After handing Dominic Toretto (Vin Diesel) the keys to his 3-T-4 Turbo, Dual Wet-Shot Nitrous-Engage Toyota Supra, Brian O’Connor (Paul Walker) flees Los Angeles and the FBI. He takes refuge in Miami, Florida, earning money from illegal street races. When the U.S. Customs Service finally tracks him down, they give him a choice: Either help Miami police arrest drug lord Carter Verone (Cole Hauser) or do hard time. O’Connor agrees to go undercover as a driver on the condition that he can enlist his former best friend Roman Pearce (Tyrese Gibson) as his partner. Pearce totally hates O’Connor’s guts now, but soon the two are wheeling, dealing and calling each other “bre” again. Also, Eva Mendes plays an undercover Customs agent that loves O’Connor. Or maybe not.
So here we are. It’s 2003 and Vin Diesel says no to a second go at the Fast franchise. He and Rob Cohen decide to make xXx instead, leaving the director and supporting actor roles for John Singleton and Tyrese Gibson to fill.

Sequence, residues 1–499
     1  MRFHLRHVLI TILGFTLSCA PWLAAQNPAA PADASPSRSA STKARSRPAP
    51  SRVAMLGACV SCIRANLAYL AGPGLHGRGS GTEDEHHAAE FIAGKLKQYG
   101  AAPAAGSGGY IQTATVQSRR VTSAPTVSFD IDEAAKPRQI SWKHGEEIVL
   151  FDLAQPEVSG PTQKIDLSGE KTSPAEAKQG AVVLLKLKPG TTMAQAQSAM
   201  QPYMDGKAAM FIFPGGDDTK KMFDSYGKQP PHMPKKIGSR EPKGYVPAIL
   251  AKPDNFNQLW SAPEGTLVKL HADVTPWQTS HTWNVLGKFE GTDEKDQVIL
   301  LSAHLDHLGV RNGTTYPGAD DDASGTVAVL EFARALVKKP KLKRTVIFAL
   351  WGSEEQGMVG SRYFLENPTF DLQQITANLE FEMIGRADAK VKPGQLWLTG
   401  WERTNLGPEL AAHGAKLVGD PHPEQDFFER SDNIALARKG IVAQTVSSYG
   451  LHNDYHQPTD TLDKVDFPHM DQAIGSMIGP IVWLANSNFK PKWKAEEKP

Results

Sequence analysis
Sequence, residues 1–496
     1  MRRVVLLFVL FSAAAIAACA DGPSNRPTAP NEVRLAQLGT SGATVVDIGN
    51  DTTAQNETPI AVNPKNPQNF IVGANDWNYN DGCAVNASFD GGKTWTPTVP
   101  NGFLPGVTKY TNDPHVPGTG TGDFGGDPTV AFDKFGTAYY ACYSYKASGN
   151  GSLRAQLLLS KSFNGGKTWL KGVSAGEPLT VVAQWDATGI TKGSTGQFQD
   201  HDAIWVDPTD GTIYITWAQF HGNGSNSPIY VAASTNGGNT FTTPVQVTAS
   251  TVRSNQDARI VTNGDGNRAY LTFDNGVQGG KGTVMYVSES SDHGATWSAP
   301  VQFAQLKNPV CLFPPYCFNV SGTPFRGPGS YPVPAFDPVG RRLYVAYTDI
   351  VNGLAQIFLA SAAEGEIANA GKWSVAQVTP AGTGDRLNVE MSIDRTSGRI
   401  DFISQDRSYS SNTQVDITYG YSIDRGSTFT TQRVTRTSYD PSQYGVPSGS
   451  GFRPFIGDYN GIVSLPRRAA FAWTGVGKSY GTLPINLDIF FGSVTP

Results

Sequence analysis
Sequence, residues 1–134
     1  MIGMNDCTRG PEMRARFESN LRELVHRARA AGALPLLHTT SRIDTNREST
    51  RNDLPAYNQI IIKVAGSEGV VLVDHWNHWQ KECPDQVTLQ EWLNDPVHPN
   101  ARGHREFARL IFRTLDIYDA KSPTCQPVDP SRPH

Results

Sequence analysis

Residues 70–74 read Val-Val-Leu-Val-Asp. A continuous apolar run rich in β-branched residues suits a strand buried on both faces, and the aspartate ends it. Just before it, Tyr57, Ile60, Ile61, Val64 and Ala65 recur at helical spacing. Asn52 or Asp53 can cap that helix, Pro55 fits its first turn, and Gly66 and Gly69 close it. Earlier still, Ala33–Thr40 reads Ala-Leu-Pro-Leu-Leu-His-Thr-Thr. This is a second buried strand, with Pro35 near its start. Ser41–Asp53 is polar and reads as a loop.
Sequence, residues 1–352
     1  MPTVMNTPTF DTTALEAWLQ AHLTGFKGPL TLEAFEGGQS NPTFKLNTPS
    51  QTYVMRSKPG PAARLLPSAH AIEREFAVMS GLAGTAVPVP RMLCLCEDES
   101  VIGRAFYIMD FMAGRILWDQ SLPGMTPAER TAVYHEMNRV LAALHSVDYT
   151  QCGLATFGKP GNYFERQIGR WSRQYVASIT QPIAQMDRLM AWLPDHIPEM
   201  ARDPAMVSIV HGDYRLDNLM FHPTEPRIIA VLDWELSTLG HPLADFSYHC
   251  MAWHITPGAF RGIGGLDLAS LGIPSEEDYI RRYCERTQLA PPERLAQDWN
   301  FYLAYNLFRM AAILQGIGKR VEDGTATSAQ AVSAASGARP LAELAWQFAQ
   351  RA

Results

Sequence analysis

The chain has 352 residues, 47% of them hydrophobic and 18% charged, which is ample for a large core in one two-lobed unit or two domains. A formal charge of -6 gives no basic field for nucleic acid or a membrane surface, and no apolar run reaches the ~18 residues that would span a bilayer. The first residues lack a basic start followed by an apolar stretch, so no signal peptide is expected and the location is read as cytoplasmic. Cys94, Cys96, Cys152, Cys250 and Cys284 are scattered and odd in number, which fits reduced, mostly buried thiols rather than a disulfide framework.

If the series ended here, the criticism 2 Fast 2 Furious enjoys would probably be acceptable. It is wildly dissimilar from its predecessor, and much less polished. But the series did continue, and for a while 2 Fast was just an offbeat detour the franchise took on the direct-to-video road. Then Justin Lin brought Roman Pearce back into the franchise with Fast Five and suddenly 2 Fast wasn’t just a silly detour, it was canon. Character-building canon, as it would turn out.
Whereas the first Fast was primarily set in the yellow glow of LA’s nights, 2 Fast is primarily shot in the bright Miami daytime. This is the first indication that the tone’s a bit lighter. The second is the character of Tej, a mechanic-by-day and smooth operator by night (and concurrently by day), who also happens to be Ludacris. The third is the character of Suki (Devon Aoki), whose primary characterization is to be the hot Asian girl who wears short skirts and drives a pink Honda S2000. Whenever the plot putters out, one of them pops up to do something mechanical or bend over a car.